Tuesday, August 14, 2012

Reading in bed

Well, as you know I'm a reader. An avid one. Some would say voracious.
And it's been a few weeks of off-the-charts working, out of my head with the craziness that calls itself my career on a good day, add a dash of my own insanity, rebelliousness, and never wanting to quite conform all the way, and you've got yourself a molotov cocktail. One Restless Soul.

One of the by-products of having a job that forces me to engage my mind is that often, after hours, my mind ('my' being a strange way to describe it somehow) will not dis-engage. As in, it won't turn off. Wine helps. So does running. Which is why I do it alot (running. and hell, drink wine too. Not at the same time, obviously.)  My next addiction is not television--far from it. I've never even seen an episode of Dexter, Breaking Bad, and I turned off Lost. I prefer the visuals my own mind gets from books (see, told you, it won't turn off). My addiction is reading.

And, as if sensing my cerebral/neuro-neediness, this summer, the library, my second home, has not disappointed. Earlier this year, in the spring, they renovated their small space. Renovation is a nice word for saying they re-organized the bookshelves, put in automated-check-outs for the books, and thought up new ways to display books, like in the bookstores where all the 'popular' books (the ones I usually blow right by) hang out in front, showing off, begging to be bought (there are exceptions to this, I bought Wild, didn't I? you say, but remember--I was blogging about Wild in March. Go ahead. Look it on up.)

So it's been a banner summer for reading. I've been reading two, three a week (Mike's in  Maine) and it's my downtime on the rooftop on the weekends, and my downtime after work in the evenings.

I will come up with a short list of the loved and read-in-under-ten-hours soon (Wild is on there, as is Blood, Bones, and Butter; add Audience of Chairs, a memoir by Stephen King, Still Alice {just finished this one last night, stayed up way too late reading it, and crying, about alot of things}, and you have a smattering of the seriousness of the material. Heavy. And it's SUMMER.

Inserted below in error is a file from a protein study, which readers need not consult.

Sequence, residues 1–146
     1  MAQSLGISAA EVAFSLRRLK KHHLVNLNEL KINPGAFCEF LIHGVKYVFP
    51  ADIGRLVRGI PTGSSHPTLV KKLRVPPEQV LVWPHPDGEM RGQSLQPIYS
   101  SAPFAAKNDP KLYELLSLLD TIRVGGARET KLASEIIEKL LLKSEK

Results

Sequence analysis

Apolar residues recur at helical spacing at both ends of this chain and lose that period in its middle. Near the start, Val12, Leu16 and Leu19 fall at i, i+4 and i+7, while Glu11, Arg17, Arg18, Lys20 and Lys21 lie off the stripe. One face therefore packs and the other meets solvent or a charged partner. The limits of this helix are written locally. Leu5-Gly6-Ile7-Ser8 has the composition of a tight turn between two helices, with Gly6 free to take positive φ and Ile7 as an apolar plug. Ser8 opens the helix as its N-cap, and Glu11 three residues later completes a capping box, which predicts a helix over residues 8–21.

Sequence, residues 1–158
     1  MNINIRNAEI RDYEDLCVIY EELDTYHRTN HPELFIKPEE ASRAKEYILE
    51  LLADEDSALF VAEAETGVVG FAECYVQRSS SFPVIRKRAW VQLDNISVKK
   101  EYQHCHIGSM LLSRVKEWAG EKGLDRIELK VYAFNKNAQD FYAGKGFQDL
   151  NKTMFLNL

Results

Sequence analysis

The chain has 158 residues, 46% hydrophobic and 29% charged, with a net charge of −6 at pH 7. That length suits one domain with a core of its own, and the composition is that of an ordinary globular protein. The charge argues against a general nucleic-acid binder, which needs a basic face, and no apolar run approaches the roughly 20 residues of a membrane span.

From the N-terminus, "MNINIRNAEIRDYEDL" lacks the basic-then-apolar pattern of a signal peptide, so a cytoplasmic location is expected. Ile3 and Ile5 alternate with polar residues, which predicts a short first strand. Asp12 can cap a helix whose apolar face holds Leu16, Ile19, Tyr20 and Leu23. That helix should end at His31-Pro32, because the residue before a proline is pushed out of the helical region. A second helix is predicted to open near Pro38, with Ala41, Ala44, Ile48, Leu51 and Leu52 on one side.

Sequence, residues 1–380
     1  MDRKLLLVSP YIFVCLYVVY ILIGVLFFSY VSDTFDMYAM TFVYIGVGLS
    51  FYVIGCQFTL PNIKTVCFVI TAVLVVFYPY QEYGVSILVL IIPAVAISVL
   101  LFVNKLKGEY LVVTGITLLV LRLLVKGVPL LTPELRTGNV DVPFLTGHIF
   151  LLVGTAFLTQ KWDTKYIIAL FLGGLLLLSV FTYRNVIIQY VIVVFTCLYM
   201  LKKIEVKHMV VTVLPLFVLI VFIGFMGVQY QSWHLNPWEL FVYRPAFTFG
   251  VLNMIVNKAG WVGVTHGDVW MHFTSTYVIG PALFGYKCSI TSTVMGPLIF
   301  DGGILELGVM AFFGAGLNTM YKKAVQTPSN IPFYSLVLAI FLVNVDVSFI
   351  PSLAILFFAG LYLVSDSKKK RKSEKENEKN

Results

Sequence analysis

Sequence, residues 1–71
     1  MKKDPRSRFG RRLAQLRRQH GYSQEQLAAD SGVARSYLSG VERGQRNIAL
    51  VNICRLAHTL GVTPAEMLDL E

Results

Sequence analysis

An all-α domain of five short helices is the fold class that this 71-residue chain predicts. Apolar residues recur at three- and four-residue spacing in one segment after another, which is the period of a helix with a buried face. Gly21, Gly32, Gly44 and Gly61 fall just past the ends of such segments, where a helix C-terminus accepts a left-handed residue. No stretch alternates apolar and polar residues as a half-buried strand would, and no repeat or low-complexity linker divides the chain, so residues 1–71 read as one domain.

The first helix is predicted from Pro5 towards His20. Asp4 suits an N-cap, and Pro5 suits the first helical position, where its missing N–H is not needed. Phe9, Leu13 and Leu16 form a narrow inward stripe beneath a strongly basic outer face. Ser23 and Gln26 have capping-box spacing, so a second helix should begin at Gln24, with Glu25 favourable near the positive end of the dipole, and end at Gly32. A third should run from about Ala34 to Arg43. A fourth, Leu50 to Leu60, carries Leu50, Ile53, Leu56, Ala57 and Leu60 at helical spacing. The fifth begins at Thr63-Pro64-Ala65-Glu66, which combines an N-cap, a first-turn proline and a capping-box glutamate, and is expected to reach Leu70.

I had my acupuncture treatment tonight, which I have grown to love, and I came home with that peculiar residual feeling it leaves me with--a mixture of calmness and alerted-ness, and I had a couple of sandwiches for dinner because I didn't want to do dishes later. I experienced pangs of guilt after seeing a man at my local grocery store who looked hungry and probably needed food. I always get that urban guilt. Like, would he have been insulted if I handed him ten dollars? Probably not. And I could have. I should have. I will.
So I'm home here, reading again, up too late, buying myself roses to look at and washing down Imnovane with Gatorade and I am reading a cracker-jack type of book, one that just kind of came home with me from the library, with a cover I can't even conjure up in my mind even though the book is a few spare feet away from me right now, on my bed, and I am convinced: This book is here to help lead me somewhere. Somewhere important. Yes, some would say it's a book about romance, about men, about self-control. And they'd be right. But it's the self-control thing that's getting to me. That part about 'their lies becoming your truth' (thank you L.). Because I've been letting that happen wayyyyy too much in the last few months, and my head is hurting because of it. 
It happened again today, that feeling of being a piece of gum on a person's shoe, of being poised outside an office door, notepad in hand, pen at the ready, I had an echo of 'shabbily-treated waitress', a memory of past profession, coming at me in waves. And I added a dash of salt to this wound by winding up with a saccharine "Is there anything else?" (with that look that you use, as the expression goes, when you don't have a knife handy).  And then I retreat. And I puzzle. And I think about the nature of work, the nature of some to talk about doing it, and the nature of others to actually fucking do it. And I sit down at my computer and a little bit of my soul, right here, right now, gets restored back to me. The compass inside me resets.

I'll leave you with one line that I am absolutely making into my personal mantra (in my head) for the next little while, from Tracy McMillan's (so far) ass-kickingly awesome book, "I Love You, But I'm Leaving You Anyway":

"Your rules don't apply to me, and by the way--fuck you."


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